Monday, August 22, 2011

Tangled Up In Criticism


My little girl is sick--not seriously so, but she's got a stuffy nose and a horrible cough, and she won't sleep unless she's physically touching my husband or me. So while she held me captive, I flipped through the new movies for instant watch on Netflix and found Tangled.

I'd heard some positive things from parent friends of mine, so I decided to watch it. It was entertaining enough. Now comes the question I'm constantly asking myself when I'm watching programming aimed at children: would I let my daughter watch it?

As has already  been documented, I'm cautious about the Disney princess franchise for all the commonly cited feminist reasons (promoting an unrealistic body image, basing self-worth in beauty and marriageability, making women subservient to men, and so on and so forth) as well as for the rather disturbing lack of racial diversity in the land of Disney make believe (and the even more disturbing racism inherent in some of the attempts to deal with racial diversity.)

So, I watched Tangled and my initial reaction was that Rapunzel is portrayed as a more capable woman than many of her princess counterparts. The film's tension revolves around her finding her own voice and the ability to say "no." (Spoiler alert, though, honestly, I'm a little behind the times on watching this, so I shouldn't be ruining anything.) When her hair--the source of her magic and the reason others (especially men) are said to desire her--gets cut off, it could be read as symbolic of her escaping the confines of societally-imposed beauty standards. (Though, I must say, I found it disturbing that "magic" hair is blonde while "non-magic" hair is brown.) She's also portrayed as physically strong and intellectually inventive (though, really, did her weapon of choice have to be a frying pan?)

Also interesting--from a gender role perspective--is this scene:

In it, the ogreish, terrifying men break into song sharing their inner desires to play piano, knit, decorate, and bake cupcakes. At the end of the film, most of these men get to realize those dreams in a public forum, making their new livings as pianists and mimes. It's this ending for me that added some nuance to what could have been problematic. As Our Turn points out: "While part of me likes that there's this expectation-reversal, the making of big-scary-men into sensitive (effeminate?) characters, it's also kind of a tired theme that crops up too often in children's movies. (Men can only be secretly sensitive when they're actually physically intimidating as well. . ." But by allowing the men the chance to realize those "secret" desires in public, it moves towards a normalization of roles based in ability and interest rather than gender stereotype.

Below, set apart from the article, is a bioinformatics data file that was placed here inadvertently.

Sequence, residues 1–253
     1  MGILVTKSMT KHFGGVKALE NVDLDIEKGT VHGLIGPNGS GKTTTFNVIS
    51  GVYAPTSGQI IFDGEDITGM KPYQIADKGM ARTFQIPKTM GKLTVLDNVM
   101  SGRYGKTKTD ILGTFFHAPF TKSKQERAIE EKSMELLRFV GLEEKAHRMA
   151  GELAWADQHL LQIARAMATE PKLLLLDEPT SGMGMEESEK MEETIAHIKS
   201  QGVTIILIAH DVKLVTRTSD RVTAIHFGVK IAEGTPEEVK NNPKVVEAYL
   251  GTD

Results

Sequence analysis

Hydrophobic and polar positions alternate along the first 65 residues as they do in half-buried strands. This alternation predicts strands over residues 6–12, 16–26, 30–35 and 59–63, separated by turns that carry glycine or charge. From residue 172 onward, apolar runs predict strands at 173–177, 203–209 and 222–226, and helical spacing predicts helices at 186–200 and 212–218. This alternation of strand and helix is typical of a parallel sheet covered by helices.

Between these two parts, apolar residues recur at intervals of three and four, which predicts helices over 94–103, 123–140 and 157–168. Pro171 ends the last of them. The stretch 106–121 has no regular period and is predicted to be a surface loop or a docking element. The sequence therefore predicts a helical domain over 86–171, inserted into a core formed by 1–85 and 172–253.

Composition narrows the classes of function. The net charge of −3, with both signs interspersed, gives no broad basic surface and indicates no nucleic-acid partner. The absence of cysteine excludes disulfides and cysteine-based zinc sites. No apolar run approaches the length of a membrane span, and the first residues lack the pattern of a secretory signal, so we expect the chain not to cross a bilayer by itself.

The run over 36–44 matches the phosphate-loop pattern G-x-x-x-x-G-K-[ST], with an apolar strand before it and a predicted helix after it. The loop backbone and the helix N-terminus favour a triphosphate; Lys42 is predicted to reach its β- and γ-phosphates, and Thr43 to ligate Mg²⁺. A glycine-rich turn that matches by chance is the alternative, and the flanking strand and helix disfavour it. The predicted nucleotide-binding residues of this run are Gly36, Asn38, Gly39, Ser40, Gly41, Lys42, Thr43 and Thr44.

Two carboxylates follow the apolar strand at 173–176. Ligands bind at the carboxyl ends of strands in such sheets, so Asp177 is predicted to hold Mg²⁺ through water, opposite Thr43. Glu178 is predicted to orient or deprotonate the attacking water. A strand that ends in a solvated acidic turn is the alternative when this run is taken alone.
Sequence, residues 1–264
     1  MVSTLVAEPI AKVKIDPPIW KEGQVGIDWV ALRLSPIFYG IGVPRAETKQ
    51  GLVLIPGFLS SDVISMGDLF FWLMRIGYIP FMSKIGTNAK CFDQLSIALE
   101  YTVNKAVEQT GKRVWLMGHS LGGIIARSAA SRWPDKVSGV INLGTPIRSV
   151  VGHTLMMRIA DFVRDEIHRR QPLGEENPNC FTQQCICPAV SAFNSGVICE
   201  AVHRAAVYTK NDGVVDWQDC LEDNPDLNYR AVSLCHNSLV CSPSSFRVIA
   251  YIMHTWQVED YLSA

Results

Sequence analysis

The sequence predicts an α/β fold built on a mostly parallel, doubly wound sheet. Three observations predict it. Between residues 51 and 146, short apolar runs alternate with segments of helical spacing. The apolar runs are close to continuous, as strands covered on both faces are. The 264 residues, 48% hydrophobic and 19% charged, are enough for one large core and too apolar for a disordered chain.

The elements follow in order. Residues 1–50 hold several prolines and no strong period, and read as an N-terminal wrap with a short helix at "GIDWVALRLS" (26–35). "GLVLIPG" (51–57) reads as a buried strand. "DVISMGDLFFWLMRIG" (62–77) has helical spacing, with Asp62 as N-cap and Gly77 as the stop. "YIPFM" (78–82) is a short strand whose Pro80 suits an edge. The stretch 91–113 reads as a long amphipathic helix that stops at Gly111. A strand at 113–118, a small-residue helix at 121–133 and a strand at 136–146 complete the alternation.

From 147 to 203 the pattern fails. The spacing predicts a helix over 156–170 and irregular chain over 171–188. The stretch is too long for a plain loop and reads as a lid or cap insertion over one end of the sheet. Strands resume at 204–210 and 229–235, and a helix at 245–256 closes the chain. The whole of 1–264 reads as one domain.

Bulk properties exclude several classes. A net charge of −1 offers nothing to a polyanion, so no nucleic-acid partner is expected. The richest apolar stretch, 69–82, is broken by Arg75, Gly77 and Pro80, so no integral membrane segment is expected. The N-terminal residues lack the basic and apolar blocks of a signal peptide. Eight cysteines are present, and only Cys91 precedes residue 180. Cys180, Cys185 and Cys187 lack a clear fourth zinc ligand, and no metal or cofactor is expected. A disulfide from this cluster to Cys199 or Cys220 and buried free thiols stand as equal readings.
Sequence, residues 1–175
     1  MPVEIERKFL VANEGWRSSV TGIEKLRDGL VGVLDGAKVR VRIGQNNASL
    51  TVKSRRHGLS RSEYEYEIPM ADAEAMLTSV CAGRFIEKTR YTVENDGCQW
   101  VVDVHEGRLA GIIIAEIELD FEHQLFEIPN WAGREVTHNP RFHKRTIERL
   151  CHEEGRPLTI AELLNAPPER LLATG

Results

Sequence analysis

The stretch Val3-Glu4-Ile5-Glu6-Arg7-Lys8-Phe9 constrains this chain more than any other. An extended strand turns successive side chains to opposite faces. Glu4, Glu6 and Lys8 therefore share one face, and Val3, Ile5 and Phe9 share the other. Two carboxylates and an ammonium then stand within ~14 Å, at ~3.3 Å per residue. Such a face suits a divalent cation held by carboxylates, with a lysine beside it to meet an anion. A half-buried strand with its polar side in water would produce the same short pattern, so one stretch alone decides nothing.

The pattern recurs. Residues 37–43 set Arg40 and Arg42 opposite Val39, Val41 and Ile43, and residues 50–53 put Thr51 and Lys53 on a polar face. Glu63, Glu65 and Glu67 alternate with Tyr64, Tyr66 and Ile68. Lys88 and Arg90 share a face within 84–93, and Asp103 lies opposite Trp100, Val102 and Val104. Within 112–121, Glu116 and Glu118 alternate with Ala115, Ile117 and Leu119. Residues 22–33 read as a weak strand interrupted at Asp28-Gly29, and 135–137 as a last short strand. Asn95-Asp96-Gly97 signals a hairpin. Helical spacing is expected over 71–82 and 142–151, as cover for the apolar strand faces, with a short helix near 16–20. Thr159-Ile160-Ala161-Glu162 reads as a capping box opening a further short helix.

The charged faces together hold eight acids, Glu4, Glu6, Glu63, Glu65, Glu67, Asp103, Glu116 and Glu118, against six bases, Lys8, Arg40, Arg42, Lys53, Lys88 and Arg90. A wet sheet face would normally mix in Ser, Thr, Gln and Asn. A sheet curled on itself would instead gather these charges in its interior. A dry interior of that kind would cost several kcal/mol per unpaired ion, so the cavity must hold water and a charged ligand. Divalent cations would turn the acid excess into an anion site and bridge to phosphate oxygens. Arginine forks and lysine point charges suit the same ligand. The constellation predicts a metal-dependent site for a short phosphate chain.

And I think that's basically what I see Tangled doing in general. It moves toward a more feminist-friendly princess while not quite making it all the way there, as NOW argues in this post. And I like that. Not everyone does.

Feministing was pretty harsh on the film, claiming that Disney had ditched a female protagonist to turn it into a prince-film geared at getting little boys to watch. Their criticism was based largely off the trailer, but I don't think the film did that at all. And I certainly don't see anything wrong with a film that appeals to both boys and girls.

Slate's KJ Dell Antonia reviewed the film (pretty positively) and complained that Rapunzel was not allowed to "tell her own story" because the film was narrated by her male co-star. But this seems like a weak argument to me. Flynn (the "prince" character) does open and close the film with a voice-over, but he serves as a frame story, and it's not as if he's speaking over Rapunzel's every move during the film. Also, the film is not told through his perspective. We often see Rapunzel in shots no one else could see: alone in her tower, singing during monologues, etc. I don't think that the frame story does anything to take away her voice.

Overall, yes, I'd let my daughter watch the film, and watching it and reading the criticism makes me wonder what the goal(s) of feminist criticism should be. While there are certainly ways that Tangled could have promoted a more feminist perspective, ignoring the strides that it makes seems like a poor move to me.

1 comment:

  1. I love how you have your feminist views yet you still are aware on how this movie can affect your daughter. Growing up, I always thought I would get a prince and live happily ever after like the Disney Princesses. Now that I'm almost in my 20's, I'm looking at the sugar-coated facts of them and how they affect children, especially young girls. Love this blog. Hope you continue writing.